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Richmond Man Helps Young Voices Be Heard Through Community Newspaper

RICHMOND (CBS SF) -- Young people in Richmond are discovering the power of writing, thanks to this week's Jefferson Award winner.

People stop Malcolm Marshall on the street with ideas for the Richmond Pulse.

He founded the youth-led community project with now defunct ethnic news agency New America Media ten years ago to give Richmond's underserved residents a voice.

"I call it inside-out journalism," Marshall said. "It's not folks from the LA Times parachuting in."

His journalists are students aged 16 to 24 years old. They know Richmond well, because many live there.

"They just tell stories in a unique way. They give an insight into their lives that's often missing in the media landscape," Marshall said.

Young reporters get a stipend -- and the project is funded -- through the California Endowment's Building Healthy Communities Initiative.

Marshall prints 5,000 copies of the bilingual Richmond Pulse in English and Spanish each month.

More than 70 students have seen their bylines in the newspaper and online over the years. For many, it's the first time with their name in print.

"Once you get a taste of that, it just changes you. It transforms you," Marshall smiled.

One of the students, Juan Mendoza, considered a career in construction until Malcolm fueled his passion for writing.

"They just allowed me to see a different future for myself," Mendoza said.

The college student is building new skills through the Richmond Pulse. He has interviewed a local mural painter and profiled the homeless.

He even followed up on Malcolm's idea to publish a love letter to his girlfriend.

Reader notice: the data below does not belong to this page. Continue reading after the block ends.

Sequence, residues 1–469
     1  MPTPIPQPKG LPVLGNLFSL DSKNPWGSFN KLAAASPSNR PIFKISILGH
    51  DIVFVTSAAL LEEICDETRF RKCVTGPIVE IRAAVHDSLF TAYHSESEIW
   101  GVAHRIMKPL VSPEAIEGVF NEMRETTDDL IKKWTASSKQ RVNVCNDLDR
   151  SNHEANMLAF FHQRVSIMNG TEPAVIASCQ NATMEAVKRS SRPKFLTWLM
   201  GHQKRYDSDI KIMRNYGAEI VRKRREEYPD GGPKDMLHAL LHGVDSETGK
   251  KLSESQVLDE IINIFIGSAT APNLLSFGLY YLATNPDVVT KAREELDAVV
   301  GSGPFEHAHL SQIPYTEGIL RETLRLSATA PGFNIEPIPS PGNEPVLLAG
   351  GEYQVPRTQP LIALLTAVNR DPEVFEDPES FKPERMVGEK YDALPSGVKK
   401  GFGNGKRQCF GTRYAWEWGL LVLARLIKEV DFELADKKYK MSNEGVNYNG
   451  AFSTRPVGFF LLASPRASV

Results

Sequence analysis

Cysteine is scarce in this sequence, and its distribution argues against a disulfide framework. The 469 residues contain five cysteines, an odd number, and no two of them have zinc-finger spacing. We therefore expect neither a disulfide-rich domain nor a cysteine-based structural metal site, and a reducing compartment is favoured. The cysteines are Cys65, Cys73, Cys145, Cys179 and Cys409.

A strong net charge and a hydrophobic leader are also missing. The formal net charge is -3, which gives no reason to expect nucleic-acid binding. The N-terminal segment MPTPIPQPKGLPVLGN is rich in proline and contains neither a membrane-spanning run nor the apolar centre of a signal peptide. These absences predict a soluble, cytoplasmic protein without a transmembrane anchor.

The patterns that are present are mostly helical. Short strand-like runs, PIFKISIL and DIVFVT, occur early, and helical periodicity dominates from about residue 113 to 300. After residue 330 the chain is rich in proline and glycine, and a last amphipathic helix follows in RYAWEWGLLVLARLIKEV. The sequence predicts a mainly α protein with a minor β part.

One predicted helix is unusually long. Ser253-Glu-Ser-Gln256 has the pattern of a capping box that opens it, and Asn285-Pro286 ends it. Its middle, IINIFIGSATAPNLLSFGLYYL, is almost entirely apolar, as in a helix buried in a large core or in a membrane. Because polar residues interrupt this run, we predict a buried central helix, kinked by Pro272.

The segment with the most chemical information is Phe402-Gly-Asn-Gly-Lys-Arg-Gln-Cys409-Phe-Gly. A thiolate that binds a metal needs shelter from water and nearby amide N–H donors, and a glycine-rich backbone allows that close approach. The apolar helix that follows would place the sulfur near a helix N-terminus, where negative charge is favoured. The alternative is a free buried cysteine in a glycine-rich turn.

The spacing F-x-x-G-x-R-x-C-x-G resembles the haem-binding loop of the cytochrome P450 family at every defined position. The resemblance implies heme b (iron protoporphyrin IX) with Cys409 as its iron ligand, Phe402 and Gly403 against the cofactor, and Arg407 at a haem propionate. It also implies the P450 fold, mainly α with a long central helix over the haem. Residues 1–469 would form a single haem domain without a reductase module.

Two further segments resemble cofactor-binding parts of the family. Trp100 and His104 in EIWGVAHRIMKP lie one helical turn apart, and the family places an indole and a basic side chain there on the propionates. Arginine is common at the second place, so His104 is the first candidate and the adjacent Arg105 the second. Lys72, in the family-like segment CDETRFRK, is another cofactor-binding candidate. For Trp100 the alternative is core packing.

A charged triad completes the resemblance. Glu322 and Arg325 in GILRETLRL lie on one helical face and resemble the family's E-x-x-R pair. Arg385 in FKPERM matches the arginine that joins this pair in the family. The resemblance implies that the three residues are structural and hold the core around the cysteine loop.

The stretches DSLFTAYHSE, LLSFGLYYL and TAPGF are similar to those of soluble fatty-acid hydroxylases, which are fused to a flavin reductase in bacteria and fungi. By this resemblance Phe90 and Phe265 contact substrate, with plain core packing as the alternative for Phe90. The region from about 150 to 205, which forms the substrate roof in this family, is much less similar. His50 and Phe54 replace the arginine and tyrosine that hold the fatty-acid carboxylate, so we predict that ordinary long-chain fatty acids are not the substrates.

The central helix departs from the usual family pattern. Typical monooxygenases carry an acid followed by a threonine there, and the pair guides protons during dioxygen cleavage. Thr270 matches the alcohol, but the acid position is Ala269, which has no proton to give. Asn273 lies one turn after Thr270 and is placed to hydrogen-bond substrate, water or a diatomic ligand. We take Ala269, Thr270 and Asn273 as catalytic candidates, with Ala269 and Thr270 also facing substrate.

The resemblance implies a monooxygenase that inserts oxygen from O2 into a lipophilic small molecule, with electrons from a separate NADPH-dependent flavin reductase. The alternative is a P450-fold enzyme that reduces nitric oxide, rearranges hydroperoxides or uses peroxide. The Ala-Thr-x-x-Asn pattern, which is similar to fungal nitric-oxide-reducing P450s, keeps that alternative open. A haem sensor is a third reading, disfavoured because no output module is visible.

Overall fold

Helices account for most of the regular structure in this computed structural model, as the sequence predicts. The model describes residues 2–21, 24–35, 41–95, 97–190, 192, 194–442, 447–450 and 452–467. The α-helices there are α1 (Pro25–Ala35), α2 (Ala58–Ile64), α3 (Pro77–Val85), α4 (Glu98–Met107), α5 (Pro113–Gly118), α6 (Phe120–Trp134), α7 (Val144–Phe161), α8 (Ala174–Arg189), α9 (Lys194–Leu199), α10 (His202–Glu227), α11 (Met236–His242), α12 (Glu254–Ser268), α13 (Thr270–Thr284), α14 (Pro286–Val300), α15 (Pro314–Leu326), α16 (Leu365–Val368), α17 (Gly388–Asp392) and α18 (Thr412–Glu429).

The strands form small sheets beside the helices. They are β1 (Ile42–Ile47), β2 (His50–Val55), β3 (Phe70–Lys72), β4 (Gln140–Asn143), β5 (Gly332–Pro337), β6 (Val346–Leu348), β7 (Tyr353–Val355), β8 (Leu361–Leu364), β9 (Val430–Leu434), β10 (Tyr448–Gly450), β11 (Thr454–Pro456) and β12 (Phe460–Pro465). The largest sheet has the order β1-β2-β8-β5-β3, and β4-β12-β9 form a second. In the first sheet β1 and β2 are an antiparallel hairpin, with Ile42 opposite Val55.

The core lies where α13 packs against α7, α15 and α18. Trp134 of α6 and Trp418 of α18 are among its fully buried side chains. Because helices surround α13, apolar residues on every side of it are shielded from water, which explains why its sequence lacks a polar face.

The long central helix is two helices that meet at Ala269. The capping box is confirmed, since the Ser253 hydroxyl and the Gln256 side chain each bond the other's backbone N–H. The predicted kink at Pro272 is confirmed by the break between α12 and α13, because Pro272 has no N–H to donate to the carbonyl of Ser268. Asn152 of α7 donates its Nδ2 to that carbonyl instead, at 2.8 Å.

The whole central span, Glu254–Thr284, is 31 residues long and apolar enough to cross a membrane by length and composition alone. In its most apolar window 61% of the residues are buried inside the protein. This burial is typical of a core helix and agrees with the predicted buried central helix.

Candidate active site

"He's a guiding light. He's more than a mentor, more than a teacher," Mendoza said of Marshall.

Marshall says he's giving back the support he received as a student when he started out in ethnic media.

"My greatest joy is seeing that come full circle: knowing what an impact it had on me. Now I'm able to do that for other people," he said.

He's been a DJ, worked for New America Media, and he's produced Street Soldiers Radio on KMEL with his father, Dr. Joseph Marshall.

Malcolm Marshall's mentor, Ethnic Media Services director Sandy Close, applauds Malcolm for illuminating the stories of Richmond residents who've felt invisible.

"He is somebody who represents a sign of hope for all of us in the media field," Close said.

Some Richmond Pulse reporters have continued on in journalism, with jobs at the Napa Valley Register, the Guardian and the Houston Chronicle.

So for empowering a new generation of Richmond Pulse writers who give voice to the city's underserved, this week's Jefferson Award in the Bay Area goes to Malcolm Marshall.

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